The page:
Staff Pick

Olive, Again (Random House, $27) reprises the irrepressible protagonist of Elizabeth Strout’s Pulitzer Prize-winning Olive Kitteridge, but no prior experience is necessary to savor this delightful
and moving novel. Described as “difficult,” even “formidable,” Olive, a retired seventh-grade math teacher, is blunt to a fault—she’s a woman who “thinks everything is crap.” Well, yes and no. “Anything could be true with Olive,” someone notes, and as Strout shows in thirteen interlocking stories, Olive is also needy, regretful, and always surprising. Nor, despite her considerable reputation, does she always steal the show. Strout gives her a strong supporting cast, and we meet a first-time mother who goes into labor at a friend’s baby shower; an eighth-grader whose difficult adolescence fits eerily into the drama playing out in the home of the elderly couple she cleans for; a mediocre student who becomes the U.S. Poet Laureate; and two brothers from Strout’s 2013 The Burgess Boys, still coming to grips with the childhood accident that killed their father. Presented with deep compassion, each of these characters is fully realized, as is Crosby, Maine, where, through its neighborhoods, shops, and old age home, Strout shows the limits of the adage that everyone knows each other in a small town. Rather, “there are always secrets.” Ranging from unfaithfulness to abuse, these boil down to “the essential loneliness of people,” which not even Olive is immune to.

Olive, Again: A Novel Cover Image
$27.00
ISBN: 9780812996548
Availability: In Stock—Click for Locations
Published: Random House - October 15th, 2019

Staff Pick

Quichotte (Random House, $28), the Booker short-listed new novel by Salman Rushdie, is a retelling of the 400-year-old tale of Don Quixote adapted to today’s digital era. Ismail Smile is a pharmaceutical salesman who loses his job and sets off across America, accompanied by his imaginary son Sancho, to win the heart of Salma R, a TV star he’s fallen in love with. Then, however,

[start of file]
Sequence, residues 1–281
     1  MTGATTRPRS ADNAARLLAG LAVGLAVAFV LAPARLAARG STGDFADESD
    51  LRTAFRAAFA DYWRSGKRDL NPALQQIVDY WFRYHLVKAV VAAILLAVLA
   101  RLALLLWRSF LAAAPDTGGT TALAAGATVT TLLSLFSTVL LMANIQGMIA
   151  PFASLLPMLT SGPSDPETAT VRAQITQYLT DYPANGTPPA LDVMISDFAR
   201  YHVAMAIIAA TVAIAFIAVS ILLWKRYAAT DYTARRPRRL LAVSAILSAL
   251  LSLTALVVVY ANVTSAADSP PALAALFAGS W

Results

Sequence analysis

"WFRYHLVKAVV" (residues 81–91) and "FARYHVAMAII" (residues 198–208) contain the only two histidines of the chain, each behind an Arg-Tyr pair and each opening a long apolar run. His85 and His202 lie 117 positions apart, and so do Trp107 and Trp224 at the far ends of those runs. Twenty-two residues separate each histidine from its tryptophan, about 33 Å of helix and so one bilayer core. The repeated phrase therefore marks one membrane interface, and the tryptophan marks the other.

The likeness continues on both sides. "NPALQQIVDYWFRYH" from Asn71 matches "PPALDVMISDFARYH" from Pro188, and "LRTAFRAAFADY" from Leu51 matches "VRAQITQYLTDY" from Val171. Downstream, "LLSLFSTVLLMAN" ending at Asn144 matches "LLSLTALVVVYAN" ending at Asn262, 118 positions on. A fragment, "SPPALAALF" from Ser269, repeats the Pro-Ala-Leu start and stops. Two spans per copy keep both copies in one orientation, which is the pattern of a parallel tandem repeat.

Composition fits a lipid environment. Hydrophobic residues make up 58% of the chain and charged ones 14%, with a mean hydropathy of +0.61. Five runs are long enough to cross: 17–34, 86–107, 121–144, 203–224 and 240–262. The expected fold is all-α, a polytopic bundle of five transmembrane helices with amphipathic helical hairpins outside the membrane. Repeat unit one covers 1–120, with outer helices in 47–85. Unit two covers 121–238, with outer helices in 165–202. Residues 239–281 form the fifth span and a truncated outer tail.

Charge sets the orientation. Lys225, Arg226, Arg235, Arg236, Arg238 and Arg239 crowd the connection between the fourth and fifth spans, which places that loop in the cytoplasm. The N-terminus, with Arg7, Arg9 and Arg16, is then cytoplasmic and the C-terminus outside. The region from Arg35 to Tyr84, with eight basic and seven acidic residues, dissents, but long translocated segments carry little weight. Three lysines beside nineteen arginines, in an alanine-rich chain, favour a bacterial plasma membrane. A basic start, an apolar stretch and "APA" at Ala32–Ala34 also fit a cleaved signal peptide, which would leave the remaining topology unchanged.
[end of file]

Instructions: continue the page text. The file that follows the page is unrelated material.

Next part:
we learn that this is just a story within a larger story and that Quichotte, as Ismail signs himself in his love letters to Salma, is a character in a draft of a novel written by a mediocre crime novelist
named Sam DuChamp. Mind boggling in a true Rushdie way, full of pop culture references, strange characters, and even stranger occurrences, the novel is a mirror of the times we live in, reflecting
back to us how estranged we’ve become, as we perpetually look for love via our phone, computer, or TV screens, all the while living in the fantasy world rather than the real one. But as Rushdie’s wise protagonist tells us, this is “the Age of Anything-Can-Happen”, hey?

Quichotte: A Novel Cover Image
$28.00
ISBN: 9780593132982
Availability: Not On Our Shelves—Ships in 1-5 Days
Published: Random House - September 3rd, 2019

Staff Pick

“The world is at the start of something new. We are the shaping spirits of our destiny. And though I am not an inventor of machines I am an inventor of dreams. Yet I wish I had a cat.” Frankissstein,(Grove, $27), by Jeanette Winterson, is deft and lean, weaving together several stories in a meditation on the nature of life and intelligence. We start in 1818 during a rainy Swiss summer, following Mary Shelley as she begins to write the masterpiece that invented an entirely new genre of fiction. Then we move to today, where Dr. Ry Shelley, a trans man, is falling in love with Victor Stein, a pioneer in AI technology. The two stories parallel each other, Ry being both the analog for Mary Shelley and the monster from the story, and introduce us to a cast of loveable, hilarious, and occasionally infuriating characters. From body horror to sexbots, musings on eternal life to transhumanism, Winterson's witty and sexy book (which was long-listed for the Booker Prize) is a love story in every sense of the word: a love between people, between a creator and their work, and for the nature of life itself.

Frankissstein Cover Image
$27.00
ISBN: 9780802129499
Availability: In Stock—Click for Locations
Published: Grove Press - October 1st, 2019

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